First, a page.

Toddlers are still in need of bonding and attachment. Thus, divorce may create regressive, needy behavior in toddlers, as a reaction to feelings of abandonment. When a parent leaves the home for good, it can be very disturbing, and visitation can cause both clinging and aggressive behavior. Parents can minimize the negative impact by working together, as a team.
Here are some tips for parents of toddlers:
Assure your toddler that he is not to blame for the separation.
Reassure your toddler that though you and your soon-to-be ex-spouse no longer wish to live together, you both love him.
Don't burden your child with your own emotional problems.
Never criticize the other parent or fight in front of your toddler.
Don't put your toddler in a loyalty bind. That double-bind will only backfire on your toddler, causing tension, stress, and emotional problems.
Stabilize your toddler as quickly as possible by sticking to routine and being consistent with your discipline.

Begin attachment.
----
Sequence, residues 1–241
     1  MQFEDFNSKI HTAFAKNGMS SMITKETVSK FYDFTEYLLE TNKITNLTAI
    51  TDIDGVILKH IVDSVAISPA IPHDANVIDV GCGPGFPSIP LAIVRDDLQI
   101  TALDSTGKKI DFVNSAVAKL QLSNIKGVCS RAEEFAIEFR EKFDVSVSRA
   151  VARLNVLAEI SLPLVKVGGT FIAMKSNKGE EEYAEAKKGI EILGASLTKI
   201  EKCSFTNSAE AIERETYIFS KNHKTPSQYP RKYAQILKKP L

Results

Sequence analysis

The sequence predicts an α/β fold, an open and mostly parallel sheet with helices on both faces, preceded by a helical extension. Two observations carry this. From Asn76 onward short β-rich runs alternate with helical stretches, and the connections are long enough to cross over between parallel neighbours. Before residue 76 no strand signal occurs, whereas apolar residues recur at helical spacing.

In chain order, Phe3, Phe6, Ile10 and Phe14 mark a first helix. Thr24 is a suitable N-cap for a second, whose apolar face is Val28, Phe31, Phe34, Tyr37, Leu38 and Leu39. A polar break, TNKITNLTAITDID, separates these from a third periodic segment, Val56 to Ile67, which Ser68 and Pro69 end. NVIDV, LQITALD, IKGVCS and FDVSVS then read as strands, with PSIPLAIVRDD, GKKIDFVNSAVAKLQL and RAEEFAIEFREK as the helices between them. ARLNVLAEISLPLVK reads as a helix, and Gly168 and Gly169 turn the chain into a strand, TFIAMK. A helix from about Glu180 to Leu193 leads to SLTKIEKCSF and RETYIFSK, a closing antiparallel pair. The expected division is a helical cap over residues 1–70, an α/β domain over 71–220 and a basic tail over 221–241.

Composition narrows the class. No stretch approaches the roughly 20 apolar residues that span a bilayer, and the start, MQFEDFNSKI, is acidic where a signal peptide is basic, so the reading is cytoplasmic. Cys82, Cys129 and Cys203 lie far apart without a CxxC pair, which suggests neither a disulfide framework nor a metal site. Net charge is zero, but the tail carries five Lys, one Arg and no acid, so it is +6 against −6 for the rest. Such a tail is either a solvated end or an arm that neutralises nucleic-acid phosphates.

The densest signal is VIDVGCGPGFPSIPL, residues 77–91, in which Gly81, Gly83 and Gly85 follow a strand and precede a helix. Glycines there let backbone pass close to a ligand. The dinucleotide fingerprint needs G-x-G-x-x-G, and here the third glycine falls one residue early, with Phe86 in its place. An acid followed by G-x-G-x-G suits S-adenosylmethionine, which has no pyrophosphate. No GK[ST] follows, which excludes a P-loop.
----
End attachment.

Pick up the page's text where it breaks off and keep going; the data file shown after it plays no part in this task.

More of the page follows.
Keep a structured schedule for your home routine and for parental visits. This will give your toddler a routine that he can count on -- that alone can help re-establish security.
Talk with your toddler about his concerns and allow him to talk to others. Secrets are suppressed feelings that can cause emotional problems.
- Engage in age-appropriate conversations with your toddler. You must support your toddler by explaining that there will be a divorce and that one parent will not be living at home. This conversation should happen before the divorce occurs.
Above all, shower your toddler with love. You can never love your child too much, and a divorce is a time when he will need your love and security the most.